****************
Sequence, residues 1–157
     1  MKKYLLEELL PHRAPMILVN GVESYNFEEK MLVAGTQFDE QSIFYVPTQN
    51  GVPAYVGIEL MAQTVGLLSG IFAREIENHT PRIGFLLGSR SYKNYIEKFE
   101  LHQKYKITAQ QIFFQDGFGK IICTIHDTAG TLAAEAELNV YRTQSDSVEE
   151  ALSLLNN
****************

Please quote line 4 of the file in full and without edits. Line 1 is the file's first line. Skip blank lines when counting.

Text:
   101  LHQKYKITAQ QIFFQDGFGK IICTIHDTAG TLAAEAELNV YRTQSDSVEE